The Council called for the opening without delay of negotiations between the South African Government and leaders of the black people in South Africa. To make such a dialogue possible, it called on the South African Government unconditionally to release Nelson Mandela and other political prisoners and to lift the ban on the African National Congress and other political parties. The Council also agreed that the Community should in the next three months enter into consultations with other industrialised countries on further measures which might be needed, covering a ban on new investment, and the import of coal, iron, steel and gold coins from South Africa.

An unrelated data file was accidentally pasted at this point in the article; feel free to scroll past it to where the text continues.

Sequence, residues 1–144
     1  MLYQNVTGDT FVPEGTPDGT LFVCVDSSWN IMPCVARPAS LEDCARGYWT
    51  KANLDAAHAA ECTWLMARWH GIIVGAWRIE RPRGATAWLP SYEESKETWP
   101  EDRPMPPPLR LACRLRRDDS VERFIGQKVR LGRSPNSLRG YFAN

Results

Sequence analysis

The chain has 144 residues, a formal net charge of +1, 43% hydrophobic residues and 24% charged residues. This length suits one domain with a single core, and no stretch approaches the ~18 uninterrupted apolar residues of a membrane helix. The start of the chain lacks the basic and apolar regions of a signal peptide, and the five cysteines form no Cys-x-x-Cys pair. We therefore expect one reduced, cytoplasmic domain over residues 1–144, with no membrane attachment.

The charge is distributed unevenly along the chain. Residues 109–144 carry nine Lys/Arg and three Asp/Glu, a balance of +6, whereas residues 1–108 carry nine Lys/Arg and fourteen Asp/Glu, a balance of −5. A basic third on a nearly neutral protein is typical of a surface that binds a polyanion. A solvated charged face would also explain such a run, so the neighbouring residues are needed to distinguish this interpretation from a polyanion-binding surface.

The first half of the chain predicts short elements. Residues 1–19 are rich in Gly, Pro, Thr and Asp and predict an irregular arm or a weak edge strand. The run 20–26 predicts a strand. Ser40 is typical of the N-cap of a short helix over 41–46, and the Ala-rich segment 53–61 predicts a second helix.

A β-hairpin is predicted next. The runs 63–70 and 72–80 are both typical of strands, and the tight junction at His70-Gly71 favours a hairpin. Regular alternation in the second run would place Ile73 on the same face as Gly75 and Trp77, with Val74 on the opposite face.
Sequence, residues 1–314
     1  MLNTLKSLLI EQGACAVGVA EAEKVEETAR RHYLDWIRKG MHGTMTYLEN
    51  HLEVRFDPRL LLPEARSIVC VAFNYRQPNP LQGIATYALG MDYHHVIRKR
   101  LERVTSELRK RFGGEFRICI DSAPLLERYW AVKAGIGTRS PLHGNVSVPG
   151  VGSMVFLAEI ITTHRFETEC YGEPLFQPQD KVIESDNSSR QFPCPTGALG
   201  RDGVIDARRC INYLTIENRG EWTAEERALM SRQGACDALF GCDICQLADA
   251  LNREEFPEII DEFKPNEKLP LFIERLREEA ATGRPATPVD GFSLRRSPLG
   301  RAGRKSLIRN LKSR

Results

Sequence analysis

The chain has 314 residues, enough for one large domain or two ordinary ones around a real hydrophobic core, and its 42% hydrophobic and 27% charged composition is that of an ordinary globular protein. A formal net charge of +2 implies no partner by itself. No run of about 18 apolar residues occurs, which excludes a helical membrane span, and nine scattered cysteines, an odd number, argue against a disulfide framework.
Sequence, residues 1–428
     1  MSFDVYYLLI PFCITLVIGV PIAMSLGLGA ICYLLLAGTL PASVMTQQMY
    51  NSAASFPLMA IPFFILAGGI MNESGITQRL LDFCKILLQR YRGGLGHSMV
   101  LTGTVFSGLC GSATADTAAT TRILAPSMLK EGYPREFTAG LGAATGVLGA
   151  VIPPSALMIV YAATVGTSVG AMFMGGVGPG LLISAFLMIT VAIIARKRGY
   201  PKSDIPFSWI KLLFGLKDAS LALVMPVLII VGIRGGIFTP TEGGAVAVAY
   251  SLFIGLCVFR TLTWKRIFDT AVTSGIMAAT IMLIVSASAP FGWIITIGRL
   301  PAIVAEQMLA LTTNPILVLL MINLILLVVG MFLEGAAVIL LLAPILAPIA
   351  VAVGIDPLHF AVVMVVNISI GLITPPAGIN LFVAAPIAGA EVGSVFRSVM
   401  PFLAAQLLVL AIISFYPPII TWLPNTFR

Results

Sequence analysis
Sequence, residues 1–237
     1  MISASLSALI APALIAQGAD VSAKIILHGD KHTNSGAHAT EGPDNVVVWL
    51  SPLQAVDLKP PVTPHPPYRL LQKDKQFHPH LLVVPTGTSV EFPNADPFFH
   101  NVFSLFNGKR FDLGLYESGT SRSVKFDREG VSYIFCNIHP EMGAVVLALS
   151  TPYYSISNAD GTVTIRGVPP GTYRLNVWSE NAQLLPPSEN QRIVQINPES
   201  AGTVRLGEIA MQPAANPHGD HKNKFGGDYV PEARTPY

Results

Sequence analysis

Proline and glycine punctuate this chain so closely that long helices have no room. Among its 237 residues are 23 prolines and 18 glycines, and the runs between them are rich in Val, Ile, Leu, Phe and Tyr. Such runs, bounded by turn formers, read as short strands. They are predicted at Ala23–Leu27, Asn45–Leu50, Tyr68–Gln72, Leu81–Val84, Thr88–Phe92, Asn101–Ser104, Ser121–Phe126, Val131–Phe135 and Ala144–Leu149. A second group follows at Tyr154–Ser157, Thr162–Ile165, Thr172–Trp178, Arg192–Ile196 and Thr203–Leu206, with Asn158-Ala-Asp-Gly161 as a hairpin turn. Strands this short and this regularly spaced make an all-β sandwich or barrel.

Finally, the Council asked my right hon. and learned Friend the Foreign and Commonwealth Secretary, in his capacity as President of the Foreign Ministers of the Twelve from today, to visit southern Africa in a further effort to establish conditions in which the necessary negotiations can commence.

On job creation, the European Council welcomed the programme put forward by the United Kingdom and some other member states for creating the conditions for employment growth. This calls for the job-creating capacity of small businesses to be maximised by reducing the burden of unnecessary regulations: for improved training; and for measures to help the long-term unemployed back into work. We want to see greater attention given to those matters within the Community and priority given to them in the operation of the social fund. This will be of particular value to the United Kingdom. Our proposals were clearly reflected in the Council's conclusions. We shall concentrate of implementing them during the United Kingdom's Presidency.